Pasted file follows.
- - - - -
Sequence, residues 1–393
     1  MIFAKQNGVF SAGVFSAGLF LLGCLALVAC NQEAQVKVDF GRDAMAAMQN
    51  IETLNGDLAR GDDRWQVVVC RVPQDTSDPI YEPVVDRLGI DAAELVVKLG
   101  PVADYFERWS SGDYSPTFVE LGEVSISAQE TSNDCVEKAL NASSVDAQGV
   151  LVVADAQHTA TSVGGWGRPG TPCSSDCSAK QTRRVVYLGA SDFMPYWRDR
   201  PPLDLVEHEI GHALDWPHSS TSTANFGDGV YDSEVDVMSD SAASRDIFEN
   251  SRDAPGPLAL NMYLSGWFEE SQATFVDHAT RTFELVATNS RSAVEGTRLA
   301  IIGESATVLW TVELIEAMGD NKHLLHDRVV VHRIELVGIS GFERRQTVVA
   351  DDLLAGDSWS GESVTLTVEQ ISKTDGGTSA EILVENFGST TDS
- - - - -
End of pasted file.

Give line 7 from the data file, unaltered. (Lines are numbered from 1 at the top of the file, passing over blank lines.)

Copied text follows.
   251  SRDAPGPLAL NMYLSGWFEE SQATFVDHAT RTFELVATNS RSAVEGTRLA